A Thursday Ten Encore: Career Advice from someone who screwed his up

Last July, I wrote this blog post listing ten pieces of advice I’d give someone based on my years of experience ignoring it. I’ve decided to re-run it because this morning I saw an article on Lifehacker, “The Company You Work For Is Not Your Friend.” That article is superb, and lists a few things I didn’t include in my post.


About ten years ago, the wheels came off my career. I had jobs after that, and while I did all right, it was never as good as it was before I left the job I held for almost twenty years (missed it by one month). What follows is a list of ten things that I would tell someone looking for a job. I wish I knew these things back when I first started working. Too soon old, too late smart.

  1. Network like crazy. Anyone you know is a potential source for career assistance. As much as I disagree with the decisions made by their management, Facebook is a good way to stay in touch with people you used to work with, went to school with, or knew from the old neighborhood. LinkedIn is another good site for staying in touch, and it’s specifically for professional networking. And don’t forget your family. You’d be amazed at how much help they can be. I was out of work in 1980 (along with a lot of people) and having trouble finding a job. One day, I get a call from my mother. She had been at a party where she ran into a recruiter, and he gave her his card. A couple of weeks later, I was back to work, thanks to the guy.
  2. Keep your resume up-to-date. In the last management class I took, the instructor advised us to always have a current copy of our resumes handy, and I never took his advice. I wrote my resume when I had to, when someone asked me for it, because it meant dragging out the typewriter, and I was a lousy typist. Thank heaven for computers. By the way, companies expect that you’ll tailor your resume to match the job description. I’d have a full resume with all your experience (more of a curriculum vitae, or CV) and use it as a starting point for the resumes you send out. That way, you don’t forget anything.
    ETA: If I had it to do over, I’d review my resume every three months and add anything new that I had done in that period of time. If there wasn’t anything, I’d start looking for something new.

  3. Cultivate good relationships with recruiters. When I was getting established, I used to hate when recruiters (we called them headhunters) would call, because they’d keep you on the phone and try to browbeat you into making a job change when you didn’t want to. To put it bluntly, they were a pain in the ass. The truth is that companies hire them to pre-screen candidates. They hear about openings that don’t make Monster and CareerBuilder, and they’re valuable members of your network.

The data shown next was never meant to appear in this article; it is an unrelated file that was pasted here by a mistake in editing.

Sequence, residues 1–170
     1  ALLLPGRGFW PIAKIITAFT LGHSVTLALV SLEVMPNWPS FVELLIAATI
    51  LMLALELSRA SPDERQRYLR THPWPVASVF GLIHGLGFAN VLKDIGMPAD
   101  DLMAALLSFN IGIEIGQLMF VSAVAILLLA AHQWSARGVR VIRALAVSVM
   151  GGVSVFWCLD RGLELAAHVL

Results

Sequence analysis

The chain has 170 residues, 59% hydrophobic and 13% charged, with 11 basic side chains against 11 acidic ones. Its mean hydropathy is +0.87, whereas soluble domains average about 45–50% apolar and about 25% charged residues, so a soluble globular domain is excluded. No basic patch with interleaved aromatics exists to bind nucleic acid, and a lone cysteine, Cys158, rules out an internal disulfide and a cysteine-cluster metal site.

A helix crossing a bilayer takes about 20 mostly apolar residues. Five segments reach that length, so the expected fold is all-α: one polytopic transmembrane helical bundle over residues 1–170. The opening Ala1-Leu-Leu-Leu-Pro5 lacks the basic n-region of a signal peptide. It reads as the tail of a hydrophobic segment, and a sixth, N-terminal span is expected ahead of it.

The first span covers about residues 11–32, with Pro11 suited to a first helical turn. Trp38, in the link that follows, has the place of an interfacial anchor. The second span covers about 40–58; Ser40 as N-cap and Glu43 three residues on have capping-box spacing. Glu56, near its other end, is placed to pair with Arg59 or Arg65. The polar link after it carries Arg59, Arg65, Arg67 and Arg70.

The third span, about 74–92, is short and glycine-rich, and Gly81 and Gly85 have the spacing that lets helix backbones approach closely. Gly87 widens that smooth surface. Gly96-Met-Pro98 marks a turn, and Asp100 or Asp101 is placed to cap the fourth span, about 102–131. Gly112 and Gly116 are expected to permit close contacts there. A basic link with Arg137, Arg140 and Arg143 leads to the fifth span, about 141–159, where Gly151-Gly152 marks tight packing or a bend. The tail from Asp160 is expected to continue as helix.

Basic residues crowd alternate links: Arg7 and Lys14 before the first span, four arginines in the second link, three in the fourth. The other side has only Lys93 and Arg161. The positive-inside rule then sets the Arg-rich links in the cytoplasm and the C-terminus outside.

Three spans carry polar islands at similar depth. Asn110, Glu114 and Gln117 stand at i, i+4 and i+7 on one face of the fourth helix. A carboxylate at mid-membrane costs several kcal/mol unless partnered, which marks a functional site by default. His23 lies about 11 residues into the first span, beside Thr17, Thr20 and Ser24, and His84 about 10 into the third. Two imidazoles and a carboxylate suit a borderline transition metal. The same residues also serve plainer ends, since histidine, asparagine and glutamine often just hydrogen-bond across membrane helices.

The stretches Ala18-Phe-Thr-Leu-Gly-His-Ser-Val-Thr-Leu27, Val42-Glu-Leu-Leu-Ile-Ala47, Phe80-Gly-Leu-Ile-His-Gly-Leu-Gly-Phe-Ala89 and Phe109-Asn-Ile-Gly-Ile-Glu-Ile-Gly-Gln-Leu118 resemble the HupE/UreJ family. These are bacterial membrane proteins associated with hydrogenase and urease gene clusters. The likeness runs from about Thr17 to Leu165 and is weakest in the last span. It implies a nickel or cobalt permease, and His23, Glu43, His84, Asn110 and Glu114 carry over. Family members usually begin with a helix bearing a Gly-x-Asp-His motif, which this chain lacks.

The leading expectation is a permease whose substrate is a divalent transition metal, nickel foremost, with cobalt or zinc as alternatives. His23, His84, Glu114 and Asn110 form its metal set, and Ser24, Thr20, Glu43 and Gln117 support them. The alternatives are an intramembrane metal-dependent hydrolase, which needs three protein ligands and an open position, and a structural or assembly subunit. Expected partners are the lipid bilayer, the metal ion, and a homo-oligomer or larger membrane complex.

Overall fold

4. Don’t be shy about quitting. The Bureau of Labor Statistics estimates that people born between 1957 and 1964 have held an average of eleven jobs between the ages of 18 and 44. That averages to about 2.5 years per job (2.3636…., if you want to be exact). I’m sure the average has gone down since, so say 2 years. Companies expect you to leave after a couple of years. They might even be pushing you in that direction. Better to leave before they start thinking, “will So-and-So ever leave?”
  5. Don’t get too comfortable. I worked for a company that would have a good year and hire a bunch of people, then have a bad year and lay all of them off. If you get any sense that the company might be looking to downsize, it might be time to update your resume and start putting out feelers.
  6. Know what else you can do. Or, make sure you have a Plan B. And a Plan C, and as many plans as you can make. What’s going to happen when you can’t find work doing what you’ve always done? More importantly, what’s going to happen when you don’t want to do what you’ve always done? It’s never too early to start thinking about what’s next. You might even want to get a head start on your next career. A lady I worked with left her job when she sold the novel she was writing in her spare time.
  7. Keep track of your accomplishments. This goes deeper than knowing what they are so you can put them on a resume. Keep a journal of everything you do: every meeting, phone call, and email has some details that a prospective employer or client might be interested in. Details that you’ll forget if you don’t write them down. It’s good for another reason: You’ll be able to tell when your career is stalled.